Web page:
The national slowdown is largely due to falling prices in London and the South East of England.

Prices in London were down by 3.8% in the year to February, faster than the 2.2% decrease seen in the year to January.

In the South East, prices fell by 1.8% during the year.

Mike Hardie, head of inflation at the ONS, said: “Annual house price growth has slowed to the lowest rate in close to seven years.

“Growth in Wales and the west of England was offset by a sustained fall in London and falling prices in the South East for the first time since 2011.”

Jamie Durham, economist at PwC, said “uncertainty around Brexit” was weighing on the capital’s housing market but prices there are still the highest in the UK at an average of £460,000.

He added: “Elsewhere in the UK, however, house prices continued to rise. The highest price growth was in the North West, with annual house price inflation of 4.0%. The Midlands also maintained strong annual house price growth, particularly in the West Midlands, with annual growth of 2.9%.”

Paul Smith, chief executive of Haart estate agents said: “While clarity over Brexit would be helpful – it is not absolutely vital. Although prolonging the inevitable is certainly frustrating, this level of uncertainty has become the new normal, and since the New Year, we have seen buyers sweep their fears under the rug and return to the market.

“Pent up demand has been building for months and Brits are ready to move. The extended negotiation period is not going to stop them.”

Ray Rafiq Omar, chief executive of Unmortgage, said: “There’s a real need to think outside the box to help those who are stuck renting and badly want to own their own home.

“The government needs to take greater steps in meeting housebuilding targets and creating some much needed movement within the market.”

Source: Yorkshire Coast Radio

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UK inflation rate holds steady at 1.9 per cent sending Britons’ real wages higher

The UK’s headline annual inflation rate remained unchanged in March, staying at 1.9 per cent, meaning Britons’ real wages are increasing as pay growth outstrips price rises.

Meanwhile the inflation rate including housing costs and council tax stayed at 1.8 per cent, where it has stood since January, monthly figures from the Office for National Statistics (ONS) have shown.

With wages rising at 3.4 per cent, Britons are seeing sustained real wage growth, although weekly pay is yet to return to its pre-financial crisis levels.

While the headline rate is below the Bank of England’s two per cent target, it remains unlikely to change interest rates while Brexit uncertainty clouds the economy.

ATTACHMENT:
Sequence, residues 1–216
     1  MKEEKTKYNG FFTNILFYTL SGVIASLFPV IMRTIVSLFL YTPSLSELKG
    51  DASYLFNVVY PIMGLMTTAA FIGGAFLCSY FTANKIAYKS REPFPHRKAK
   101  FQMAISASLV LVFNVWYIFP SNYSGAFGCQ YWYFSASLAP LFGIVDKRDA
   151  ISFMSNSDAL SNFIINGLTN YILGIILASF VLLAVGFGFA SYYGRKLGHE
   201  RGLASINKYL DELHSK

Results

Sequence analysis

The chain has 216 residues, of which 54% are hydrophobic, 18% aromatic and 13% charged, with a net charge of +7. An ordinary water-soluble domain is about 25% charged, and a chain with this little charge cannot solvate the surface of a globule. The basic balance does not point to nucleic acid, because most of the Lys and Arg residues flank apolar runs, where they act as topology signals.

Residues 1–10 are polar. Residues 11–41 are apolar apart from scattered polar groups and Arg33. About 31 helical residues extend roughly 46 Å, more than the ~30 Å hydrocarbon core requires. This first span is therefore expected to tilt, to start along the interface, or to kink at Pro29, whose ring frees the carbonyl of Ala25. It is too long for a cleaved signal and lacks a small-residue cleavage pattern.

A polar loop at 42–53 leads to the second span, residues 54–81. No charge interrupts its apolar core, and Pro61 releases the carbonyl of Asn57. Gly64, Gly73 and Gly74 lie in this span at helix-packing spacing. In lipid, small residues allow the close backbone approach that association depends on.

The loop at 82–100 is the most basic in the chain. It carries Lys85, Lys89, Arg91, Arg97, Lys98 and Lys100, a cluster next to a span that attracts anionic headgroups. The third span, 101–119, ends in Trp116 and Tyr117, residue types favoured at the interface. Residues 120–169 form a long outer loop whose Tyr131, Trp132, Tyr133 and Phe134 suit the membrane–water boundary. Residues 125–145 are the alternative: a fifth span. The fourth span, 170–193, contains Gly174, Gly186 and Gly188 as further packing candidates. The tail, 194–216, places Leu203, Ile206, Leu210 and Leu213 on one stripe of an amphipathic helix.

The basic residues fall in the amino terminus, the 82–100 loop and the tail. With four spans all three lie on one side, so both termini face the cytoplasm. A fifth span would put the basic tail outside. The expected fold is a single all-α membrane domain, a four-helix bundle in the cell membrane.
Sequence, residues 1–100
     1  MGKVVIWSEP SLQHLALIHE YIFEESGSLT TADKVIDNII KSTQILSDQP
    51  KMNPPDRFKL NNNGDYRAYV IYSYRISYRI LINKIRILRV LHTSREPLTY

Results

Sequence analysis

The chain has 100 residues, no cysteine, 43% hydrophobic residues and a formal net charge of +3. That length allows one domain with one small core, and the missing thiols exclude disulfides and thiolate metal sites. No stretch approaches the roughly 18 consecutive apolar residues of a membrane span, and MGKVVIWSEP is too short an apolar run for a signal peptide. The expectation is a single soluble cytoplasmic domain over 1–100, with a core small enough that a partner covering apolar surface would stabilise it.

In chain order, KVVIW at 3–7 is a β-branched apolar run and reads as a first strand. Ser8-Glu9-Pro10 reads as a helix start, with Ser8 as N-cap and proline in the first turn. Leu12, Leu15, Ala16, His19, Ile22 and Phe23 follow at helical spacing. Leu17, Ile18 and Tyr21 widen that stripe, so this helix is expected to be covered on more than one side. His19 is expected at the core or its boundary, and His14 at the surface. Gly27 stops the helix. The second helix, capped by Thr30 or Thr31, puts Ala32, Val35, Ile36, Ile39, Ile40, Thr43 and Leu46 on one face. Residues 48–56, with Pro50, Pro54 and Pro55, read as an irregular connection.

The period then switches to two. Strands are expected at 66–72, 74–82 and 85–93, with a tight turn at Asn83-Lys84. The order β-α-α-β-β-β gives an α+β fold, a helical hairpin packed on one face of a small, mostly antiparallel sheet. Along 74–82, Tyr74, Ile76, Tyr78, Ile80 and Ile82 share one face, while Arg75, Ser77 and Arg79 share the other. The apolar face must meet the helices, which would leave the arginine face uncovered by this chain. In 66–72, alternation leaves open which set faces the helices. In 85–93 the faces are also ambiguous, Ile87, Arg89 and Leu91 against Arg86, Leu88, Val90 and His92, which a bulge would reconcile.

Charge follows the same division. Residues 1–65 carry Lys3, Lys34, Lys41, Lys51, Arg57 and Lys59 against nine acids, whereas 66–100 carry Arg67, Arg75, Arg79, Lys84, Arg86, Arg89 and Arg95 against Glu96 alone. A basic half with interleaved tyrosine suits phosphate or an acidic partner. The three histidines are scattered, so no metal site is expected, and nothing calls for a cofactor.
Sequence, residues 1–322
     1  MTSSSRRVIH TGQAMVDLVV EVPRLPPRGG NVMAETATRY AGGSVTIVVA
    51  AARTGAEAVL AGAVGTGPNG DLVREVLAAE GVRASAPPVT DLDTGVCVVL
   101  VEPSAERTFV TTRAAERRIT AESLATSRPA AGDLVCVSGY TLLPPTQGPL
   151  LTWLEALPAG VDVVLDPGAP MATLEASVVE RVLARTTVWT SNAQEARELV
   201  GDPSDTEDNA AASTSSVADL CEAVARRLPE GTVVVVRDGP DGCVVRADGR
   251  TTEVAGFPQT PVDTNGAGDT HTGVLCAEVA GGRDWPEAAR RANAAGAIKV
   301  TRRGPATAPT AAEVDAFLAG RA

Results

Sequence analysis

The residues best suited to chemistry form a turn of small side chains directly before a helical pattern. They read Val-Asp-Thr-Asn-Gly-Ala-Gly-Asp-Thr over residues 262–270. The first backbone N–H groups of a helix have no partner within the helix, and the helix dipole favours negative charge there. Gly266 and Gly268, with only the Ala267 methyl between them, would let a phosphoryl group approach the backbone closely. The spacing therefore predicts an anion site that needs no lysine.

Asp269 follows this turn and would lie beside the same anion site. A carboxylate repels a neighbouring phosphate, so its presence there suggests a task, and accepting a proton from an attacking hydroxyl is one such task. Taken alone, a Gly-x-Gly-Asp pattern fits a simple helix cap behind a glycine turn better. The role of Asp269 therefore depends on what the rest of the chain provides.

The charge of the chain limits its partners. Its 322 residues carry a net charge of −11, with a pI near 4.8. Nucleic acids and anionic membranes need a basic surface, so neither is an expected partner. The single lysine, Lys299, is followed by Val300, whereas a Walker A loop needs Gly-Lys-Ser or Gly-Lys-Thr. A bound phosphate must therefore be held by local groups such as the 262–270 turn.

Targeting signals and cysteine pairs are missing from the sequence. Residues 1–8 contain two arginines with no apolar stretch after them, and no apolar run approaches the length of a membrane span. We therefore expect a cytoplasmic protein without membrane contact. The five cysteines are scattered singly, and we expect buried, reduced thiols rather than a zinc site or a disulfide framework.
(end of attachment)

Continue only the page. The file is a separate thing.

Both the headline rate and the inflation rate including house prices were 0.1 percentage point below economists’ expectations.

The largest downward contributions to inflation came from falls in recreation and culture, and food and non-alcoholic beverages.

However, there were upward contributions from a variety of categories including transport, principally increases in both petrol and diesel prices, miscellaneous goods and services, and from clothing and footwear.

Mike Hardie, head of inflation at the ONS, said: “Inflation is stable, with motor fuel prices rising between February and March this year, offset by falls in food prices as well as the cost of computer games growing more slowly than it did at this time last year.”

Tom Stevenson, investment director for personal investing at Fidelity International, said: “The Bank of England will view today’s inflation data as the least problematic of the week’s three economic announcements.”

“Prices are rising pretty much in line with the Old Lady’s two per cent target, giving the central bank cover to continue sitting on its hands,” he said. “As such the CPI data sits between yesterday’s employment data – which pointed towards higher interest rates in due course – and tomorrow’s retail sales numbers – which probably won’t.”

Chief economic adviser to the EY Item Club, Howard Archer, said: “Any help to consumer purchasing power is particularly welcome as the economy is likely to be hampered by prolonged Brexit uncertainties following the flexible extension of the UK’s exit from the EU to 31 October.”

“Consumers have generally been the most resilient part of the economy and they have been helped by real earnings growth climbing to 1.6 per cent in the three months to February, which was the best level since mid-2016,” he said.

By Harry Robertson

Source: City AM

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First-time buyer completions up 4.1%

The number of first-time buyers completing mortgages has increased by 4.1 per cent since last year, according to UK Finance.

UK Finance’s mortgage lending trends, published today (April 17), showed that 24,800 first-time buyers took out a mortgage in February 2019 — 4.1 per cent more than in the same month in 2018.

The trade body stated this was the fifth consecutive month of year-on-year growth in first-time buyer numbers.

However, the number of current home owners moving house remained steady, rising 0.1 per cent in the year to 23,660.

The remortgaging market fared better. About 18,200 people remortgaged their home to gain extra funds — 10 per cent up on February 2018 — and those remortgaging without borrowing money increased by 7.8 per cent to 18,360.

On average, those remortgaging had a 43 per cent deposit and their loan-to-income ratio was 2.74.

This was considerably lower than residential mortgages which showed an average LTV of 72 per cent and a loan-to-income ratio of 3.37.

UK Finance stated customer engagement in the remortgaging market remained high with borrowers able to access a wide range of competitive products.